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InterReligious Dialogue
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Sagefrakrobatik  
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Rating: 0 of 0 votes Quote Sagefrakrobatik Replybullet Topic: Hindu concept of guilt
    Posted: 27 April 2008 at 7:34pm
 There is no Sanskrit equivalent to the word "guilt." Hindus accept karma, the universal principle of cause and effect that governs all life. Not to be mistaken for fate, for humans act with free will creating their own destinies, it is the totality of our actions and their concomitant reactions in this and previous lives, all of which determine our future.

As elsewhere, the concept of natural or divine law has, throughout the history of Indian civilization, governed ideas about the proper conduct of living. The Sanskrit term dharma signifies the underlying order in nature and life (human or other) and all are expected to act in accordance with that order.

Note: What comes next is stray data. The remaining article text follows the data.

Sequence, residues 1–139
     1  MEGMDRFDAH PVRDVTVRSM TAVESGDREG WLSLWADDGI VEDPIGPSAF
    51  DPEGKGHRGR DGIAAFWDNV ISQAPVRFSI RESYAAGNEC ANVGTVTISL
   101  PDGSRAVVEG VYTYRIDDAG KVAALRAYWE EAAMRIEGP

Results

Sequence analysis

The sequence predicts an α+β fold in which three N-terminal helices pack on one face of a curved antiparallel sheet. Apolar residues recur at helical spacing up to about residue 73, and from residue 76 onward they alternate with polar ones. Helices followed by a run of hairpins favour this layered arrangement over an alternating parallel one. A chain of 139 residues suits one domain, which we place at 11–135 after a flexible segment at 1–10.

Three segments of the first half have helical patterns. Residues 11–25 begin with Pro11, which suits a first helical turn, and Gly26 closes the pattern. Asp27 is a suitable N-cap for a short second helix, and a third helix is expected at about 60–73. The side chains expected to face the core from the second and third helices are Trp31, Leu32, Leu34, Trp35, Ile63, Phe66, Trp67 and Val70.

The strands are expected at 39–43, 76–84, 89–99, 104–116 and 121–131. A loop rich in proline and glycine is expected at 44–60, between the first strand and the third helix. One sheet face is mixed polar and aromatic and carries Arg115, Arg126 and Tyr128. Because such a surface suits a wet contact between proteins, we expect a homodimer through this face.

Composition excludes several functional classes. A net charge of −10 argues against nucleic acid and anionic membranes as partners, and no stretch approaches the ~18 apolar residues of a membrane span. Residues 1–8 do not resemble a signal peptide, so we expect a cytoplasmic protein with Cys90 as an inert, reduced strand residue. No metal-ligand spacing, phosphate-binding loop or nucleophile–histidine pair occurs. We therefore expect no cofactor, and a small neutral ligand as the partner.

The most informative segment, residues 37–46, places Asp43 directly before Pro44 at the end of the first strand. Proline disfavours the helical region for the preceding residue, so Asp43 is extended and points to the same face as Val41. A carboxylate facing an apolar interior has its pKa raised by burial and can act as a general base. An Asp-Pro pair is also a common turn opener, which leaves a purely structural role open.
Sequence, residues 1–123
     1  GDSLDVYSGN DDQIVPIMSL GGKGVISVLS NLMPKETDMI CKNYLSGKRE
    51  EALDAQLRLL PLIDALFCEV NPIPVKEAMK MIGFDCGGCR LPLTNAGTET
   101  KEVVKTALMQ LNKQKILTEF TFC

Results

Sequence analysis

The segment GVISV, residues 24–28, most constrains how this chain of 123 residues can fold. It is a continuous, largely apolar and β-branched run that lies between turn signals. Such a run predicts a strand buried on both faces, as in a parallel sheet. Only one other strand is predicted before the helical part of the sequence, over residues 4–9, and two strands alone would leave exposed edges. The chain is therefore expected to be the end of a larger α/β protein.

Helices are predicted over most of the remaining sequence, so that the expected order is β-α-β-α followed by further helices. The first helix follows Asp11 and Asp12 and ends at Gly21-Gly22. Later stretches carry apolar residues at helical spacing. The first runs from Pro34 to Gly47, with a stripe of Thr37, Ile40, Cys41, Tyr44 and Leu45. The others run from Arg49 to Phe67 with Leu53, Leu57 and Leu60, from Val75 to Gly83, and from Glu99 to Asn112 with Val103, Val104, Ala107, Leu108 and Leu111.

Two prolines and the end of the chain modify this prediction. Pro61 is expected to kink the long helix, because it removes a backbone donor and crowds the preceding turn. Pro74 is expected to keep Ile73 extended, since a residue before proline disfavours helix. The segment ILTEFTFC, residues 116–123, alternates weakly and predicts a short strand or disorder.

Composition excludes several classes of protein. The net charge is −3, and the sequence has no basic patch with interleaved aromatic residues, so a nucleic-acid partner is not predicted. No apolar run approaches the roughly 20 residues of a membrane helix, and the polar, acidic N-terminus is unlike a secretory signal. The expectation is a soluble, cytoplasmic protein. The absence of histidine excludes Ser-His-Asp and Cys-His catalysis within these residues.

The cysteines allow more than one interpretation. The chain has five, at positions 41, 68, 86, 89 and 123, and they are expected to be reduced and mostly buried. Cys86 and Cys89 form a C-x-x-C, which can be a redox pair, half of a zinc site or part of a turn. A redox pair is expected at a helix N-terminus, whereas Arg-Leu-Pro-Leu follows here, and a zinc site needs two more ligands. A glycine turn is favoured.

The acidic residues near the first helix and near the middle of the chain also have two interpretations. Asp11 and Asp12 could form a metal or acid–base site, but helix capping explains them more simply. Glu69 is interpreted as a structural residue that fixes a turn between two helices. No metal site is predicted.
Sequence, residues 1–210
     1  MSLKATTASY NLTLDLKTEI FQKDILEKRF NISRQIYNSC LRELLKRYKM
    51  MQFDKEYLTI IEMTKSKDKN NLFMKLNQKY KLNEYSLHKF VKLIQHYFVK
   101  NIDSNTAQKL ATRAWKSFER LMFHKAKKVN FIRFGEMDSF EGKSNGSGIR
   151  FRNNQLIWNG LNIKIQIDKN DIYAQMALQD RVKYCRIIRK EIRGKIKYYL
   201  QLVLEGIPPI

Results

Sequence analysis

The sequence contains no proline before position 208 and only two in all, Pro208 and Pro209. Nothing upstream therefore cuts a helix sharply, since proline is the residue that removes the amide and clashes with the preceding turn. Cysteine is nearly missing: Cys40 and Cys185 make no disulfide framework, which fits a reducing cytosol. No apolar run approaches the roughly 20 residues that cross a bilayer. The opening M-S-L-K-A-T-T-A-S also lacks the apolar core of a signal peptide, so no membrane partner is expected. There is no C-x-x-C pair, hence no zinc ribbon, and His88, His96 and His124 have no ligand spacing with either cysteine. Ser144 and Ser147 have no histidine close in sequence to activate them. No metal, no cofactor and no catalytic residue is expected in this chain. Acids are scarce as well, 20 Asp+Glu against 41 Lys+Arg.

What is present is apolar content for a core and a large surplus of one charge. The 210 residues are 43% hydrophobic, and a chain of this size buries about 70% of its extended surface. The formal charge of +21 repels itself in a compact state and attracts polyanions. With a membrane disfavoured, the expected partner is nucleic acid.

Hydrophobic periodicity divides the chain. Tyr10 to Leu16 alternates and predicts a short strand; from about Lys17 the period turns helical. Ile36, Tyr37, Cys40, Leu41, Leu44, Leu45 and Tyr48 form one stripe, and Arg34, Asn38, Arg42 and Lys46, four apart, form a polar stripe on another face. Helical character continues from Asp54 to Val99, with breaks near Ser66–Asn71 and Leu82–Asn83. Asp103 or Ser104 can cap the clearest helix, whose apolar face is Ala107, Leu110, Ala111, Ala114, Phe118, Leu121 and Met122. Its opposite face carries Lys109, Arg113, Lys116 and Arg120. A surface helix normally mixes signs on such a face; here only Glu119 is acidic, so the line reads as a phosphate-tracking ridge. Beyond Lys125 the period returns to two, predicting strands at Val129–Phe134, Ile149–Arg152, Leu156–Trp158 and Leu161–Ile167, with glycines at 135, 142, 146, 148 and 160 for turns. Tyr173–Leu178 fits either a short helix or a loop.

Wrongdoing, adharma, is acting against this natural order and is viewed as an unfortunate result of avidya, darkness of ignorance. This ignorance is not lack of erudition but about the nature of "Being," a limitation natural to humans. Likened to a deeply rooted tree with four thick branches -- ego, desire, denial and fear -- avidya obscures the truth and is the root cause of all suffering, keeping humanity captive in samsara. Only jnana, knowledge, i.e. awareness free of conceptual encumbrances, can dispel avidya. And when this happens there can be no wrongdoing.

Wrongdoing not only generates negative consequences but also a residue, "sin," papa, which is likened to a sticky, astral substance and must be dissolved through penance (prayashchitta), austerity (tapas) and good deeds (sukritya). Papa is also accrued through unknowing or unintentional transgressions of dharma, as in the term aparadha (offence, fault and mistake).

Why eat vegetarians when you could eat meat eaters. They have more protein.
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